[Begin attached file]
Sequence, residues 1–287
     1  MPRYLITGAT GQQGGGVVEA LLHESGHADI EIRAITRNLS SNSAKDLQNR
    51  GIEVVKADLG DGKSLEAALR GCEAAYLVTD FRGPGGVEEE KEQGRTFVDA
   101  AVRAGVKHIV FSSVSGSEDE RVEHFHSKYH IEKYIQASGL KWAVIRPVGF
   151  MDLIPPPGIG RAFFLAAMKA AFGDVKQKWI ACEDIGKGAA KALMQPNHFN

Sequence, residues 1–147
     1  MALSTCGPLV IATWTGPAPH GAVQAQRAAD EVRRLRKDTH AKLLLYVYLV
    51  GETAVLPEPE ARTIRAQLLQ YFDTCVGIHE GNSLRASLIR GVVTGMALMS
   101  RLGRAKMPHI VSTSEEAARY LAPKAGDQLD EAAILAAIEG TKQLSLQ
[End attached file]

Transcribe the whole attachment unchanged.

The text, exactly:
Sequence, residues 1–287
     1  MPRYLITGAT GQQGGGVVEA LLHESGHADI EIRAITRNLS SNSAKDLQNR
    51  GIEVVKADLG DGKSLEAALR GCEAAYLVTD FRGPGGVEEE KEQGRTFVDA
   101  AVRAGVKHIV FSSVSGSEDE RVEHFHSKYH IEKYIQASGL KWAVIRPVGF
   151  MDLIPPPGIG RAFFLAAMKA AFGDVKQKWI ACEDIGKGAA KALMQPNHFN

Sequence, residues 1–147
     1  MALSTCGPLV IATWTGPAPH GAVQAQRAAD EVRRLRKDTH AKLLLYVYLV
    51  GETAVLPEPE ARTIRAQLLQ YFDTCVGIHE GNSLRASLIR GVVTGMALMS
   101  RLGRAKMPHI VSTSEEAARY LAPKAGDQLD EAAILAAIEG TKQLSLQ